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Online vs. Traditional Savings Accounts
You stored your cash in a traditional since you can remember. It was safer than hiding the money in your mattress. Because the only banks logically accessible to you were within 20 miles of home, you really didn't take the time to even look at rates. We all just accepted that a savings account with our local bank was safe and really not worth much. Banks really owned their customers.
In the 1990s online banks came of age. In few clicks, you could place your money in a bank 10,000 miles away just as easy as down the street. To get your money banks started to compete on rates like you would not believe. The entire market changed. The clients now owned the bank.
While this is a simple explanation here are some major differences between Online Savings Accounts vs. Traditional Savings Accounts:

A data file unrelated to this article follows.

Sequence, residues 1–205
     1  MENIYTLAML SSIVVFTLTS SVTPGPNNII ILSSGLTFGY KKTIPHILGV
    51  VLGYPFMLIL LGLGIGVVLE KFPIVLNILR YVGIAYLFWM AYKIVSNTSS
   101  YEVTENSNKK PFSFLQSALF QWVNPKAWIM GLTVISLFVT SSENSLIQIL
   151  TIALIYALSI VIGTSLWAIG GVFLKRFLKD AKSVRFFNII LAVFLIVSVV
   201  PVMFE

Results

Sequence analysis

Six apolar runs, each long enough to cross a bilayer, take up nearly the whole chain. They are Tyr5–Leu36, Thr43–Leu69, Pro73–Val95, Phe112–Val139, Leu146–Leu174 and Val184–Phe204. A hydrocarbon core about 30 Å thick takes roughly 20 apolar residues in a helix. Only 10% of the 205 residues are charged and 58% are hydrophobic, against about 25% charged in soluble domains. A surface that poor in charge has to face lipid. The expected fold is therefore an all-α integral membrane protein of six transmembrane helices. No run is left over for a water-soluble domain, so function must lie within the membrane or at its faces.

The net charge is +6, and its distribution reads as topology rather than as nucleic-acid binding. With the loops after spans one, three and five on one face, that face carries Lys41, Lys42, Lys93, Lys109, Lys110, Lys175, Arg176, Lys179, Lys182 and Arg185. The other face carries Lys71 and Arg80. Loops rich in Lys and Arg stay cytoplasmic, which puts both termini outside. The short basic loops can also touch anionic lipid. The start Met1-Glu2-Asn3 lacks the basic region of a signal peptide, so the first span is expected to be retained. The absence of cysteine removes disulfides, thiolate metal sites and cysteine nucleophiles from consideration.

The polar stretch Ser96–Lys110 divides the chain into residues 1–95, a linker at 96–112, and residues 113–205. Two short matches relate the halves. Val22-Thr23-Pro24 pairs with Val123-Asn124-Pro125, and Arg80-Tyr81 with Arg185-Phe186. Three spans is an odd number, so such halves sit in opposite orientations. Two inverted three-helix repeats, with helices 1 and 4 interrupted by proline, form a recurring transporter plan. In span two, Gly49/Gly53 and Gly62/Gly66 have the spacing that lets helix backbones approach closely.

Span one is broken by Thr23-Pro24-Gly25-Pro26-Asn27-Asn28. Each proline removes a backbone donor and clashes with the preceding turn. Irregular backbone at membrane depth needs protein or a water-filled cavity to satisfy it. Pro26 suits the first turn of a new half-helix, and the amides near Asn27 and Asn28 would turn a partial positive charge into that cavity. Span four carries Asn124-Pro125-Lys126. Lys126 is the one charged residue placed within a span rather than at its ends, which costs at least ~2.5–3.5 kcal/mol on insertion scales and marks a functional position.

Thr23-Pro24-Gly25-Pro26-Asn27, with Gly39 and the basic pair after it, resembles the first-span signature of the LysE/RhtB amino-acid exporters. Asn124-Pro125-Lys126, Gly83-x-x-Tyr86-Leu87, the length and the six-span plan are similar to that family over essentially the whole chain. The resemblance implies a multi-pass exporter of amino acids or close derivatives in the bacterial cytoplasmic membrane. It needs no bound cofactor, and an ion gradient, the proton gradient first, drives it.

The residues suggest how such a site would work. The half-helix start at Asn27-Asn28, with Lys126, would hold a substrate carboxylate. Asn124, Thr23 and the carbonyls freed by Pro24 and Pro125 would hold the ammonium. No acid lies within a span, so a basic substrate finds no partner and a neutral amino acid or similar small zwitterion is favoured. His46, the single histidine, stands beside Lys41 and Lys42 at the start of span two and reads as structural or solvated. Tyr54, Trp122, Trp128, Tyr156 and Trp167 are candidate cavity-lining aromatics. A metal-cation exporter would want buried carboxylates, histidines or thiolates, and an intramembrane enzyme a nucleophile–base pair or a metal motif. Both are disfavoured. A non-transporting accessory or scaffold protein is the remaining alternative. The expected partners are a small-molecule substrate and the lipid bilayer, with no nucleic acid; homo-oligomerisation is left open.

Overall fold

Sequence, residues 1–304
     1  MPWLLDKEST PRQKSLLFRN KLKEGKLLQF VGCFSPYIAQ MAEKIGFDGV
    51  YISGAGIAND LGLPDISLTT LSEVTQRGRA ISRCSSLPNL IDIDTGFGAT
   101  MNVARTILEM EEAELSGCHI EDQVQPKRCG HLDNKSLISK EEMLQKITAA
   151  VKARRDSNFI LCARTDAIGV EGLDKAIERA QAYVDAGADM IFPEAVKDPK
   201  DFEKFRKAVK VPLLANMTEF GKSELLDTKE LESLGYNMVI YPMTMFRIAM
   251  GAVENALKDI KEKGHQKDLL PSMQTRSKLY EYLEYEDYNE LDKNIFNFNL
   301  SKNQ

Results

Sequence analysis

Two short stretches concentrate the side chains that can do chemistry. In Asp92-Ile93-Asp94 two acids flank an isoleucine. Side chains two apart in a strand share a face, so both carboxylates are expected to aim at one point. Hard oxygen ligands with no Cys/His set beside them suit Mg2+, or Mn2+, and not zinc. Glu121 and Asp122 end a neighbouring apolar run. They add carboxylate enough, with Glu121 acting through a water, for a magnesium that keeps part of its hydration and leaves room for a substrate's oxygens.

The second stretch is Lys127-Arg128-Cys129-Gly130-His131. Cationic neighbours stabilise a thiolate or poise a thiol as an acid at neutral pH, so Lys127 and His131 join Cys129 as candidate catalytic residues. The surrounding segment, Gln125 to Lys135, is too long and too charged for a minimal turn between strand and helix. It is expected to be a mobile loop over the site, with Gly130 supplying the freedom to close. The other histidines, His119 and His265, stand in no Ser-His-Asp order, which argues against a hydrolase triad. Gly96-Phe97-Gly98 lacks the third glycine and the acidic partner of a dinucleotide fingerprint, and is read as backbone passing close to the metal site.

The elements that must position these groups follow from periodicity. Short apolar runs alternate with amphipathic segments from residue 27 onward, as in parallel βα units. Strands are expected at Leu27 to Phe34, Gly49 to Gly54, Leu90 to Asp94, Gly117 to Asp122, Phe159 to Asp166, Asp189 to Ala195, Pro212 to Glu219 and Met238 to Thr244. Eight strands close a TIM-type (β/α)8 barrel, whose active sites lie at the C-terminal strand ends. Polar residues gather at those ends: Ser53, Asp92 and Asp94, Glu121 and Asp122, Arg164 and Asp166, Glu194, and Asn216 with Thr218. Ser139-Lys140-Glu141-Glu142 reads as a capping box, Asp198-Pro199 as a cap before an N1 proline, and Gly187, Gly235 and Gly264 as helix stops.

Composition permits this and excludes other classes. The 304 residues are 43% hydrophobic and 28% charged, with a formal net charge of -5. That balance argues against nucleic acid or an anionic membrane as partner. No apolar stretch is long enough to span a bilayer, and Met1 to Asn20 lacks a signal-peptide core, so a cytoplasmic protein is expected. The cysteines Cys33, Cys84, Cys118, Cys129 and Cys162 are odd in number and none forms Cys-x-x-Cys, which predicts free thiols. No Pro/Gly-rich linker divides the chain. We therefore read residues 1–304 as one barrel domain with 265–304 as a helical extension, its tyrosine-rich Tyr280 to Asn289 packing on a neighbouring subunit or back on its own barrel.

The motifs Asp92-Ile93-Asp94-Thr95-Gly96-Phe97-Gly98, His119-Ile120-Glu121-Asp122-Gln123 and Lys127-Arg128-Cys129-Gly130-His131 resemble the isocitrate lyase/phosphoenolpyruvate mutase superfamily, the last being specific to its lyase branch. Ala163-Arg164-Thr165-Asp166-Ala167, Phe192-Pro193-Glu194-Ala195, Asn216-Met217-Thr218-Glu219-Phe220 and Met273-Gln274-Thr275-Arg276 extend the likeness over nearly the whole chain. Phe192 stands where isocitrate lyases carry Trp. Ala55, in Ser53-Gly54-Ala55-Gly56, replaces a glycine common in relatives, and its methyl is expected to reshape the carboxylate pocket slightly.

1. Interest Rates
Rates of online savings accounts are 5-15 times higher than traditional Savings Accounts on on average. What's the catch? That's what we have been taught since day one of our lives. The truth is that online savings accounts are much better products and interest bearers than off-line savings accounts. The main reasons being:
FDIC insurance provides protection for your account in case the bank cannot cover its accounts. Up to $100,000 per account holder. This is true of both online and traditional banks. Identity theft is a hot topic these days more and more people are having their information stolen and sold. If you use your computer, you obviously you are increasing your risk. If have to be honest though, if your follow basic safety guidelines and practice good judgment online, this is really a non-issue.
3. Customer Service